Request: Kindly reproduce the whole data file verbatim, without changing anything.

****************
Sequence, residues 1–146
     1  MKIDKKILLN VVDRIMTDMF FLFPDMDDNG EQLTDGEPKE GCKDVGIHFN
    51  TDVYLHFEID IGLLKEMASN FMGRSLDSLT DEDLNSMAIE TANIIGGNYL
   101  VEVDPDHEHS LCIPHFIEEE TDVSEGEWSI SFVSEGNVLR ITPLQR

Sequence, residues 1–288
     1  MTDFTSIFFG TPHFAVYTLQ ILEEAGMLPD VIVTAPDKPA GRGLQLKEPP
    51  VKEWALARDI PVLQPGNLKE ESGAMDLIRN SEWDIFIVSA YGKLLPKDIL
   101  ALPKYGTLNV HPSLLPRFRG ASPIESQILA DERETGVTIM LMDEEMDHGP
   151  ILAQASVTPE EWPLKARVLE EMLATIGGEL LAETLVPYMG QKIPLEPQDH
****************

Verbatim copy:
Sequence, residues 1–146
     1  MKIDKKILLN VVDRIMTDMF FLFPDMDDNG EQLTDGEPKE GCKDVGIHFN
    51  TDVYLHFEID IGLLKEMASN FMGRSLDSLT DEDLNSMAIE TANIIGGNYL
   101  VEVDPDHEHS LCIPHFIEEE TDVSEGEWSI SFVSEGNVLR ITPLQR

Sequence, residues 1–288
     1  MTDFTSIFFG TPHFAVYTLQ ILEEAGMLPD VIVTAPDKPA GRGLQLKEPP
    51  VKEWALARDI PVLQPGNLKE ESGAMDLIRN SEWDIFIVSA YGKLLPKDIL
   101  ALPKYGTLNV HPSLLPRFRG ASPIESQILA DERETGVTIM LMDEEMDHGP
   151  ILAQASVTPE EWPLKARVLE EMLATIGGEL LAETLVPYMG QKIPLEPQDH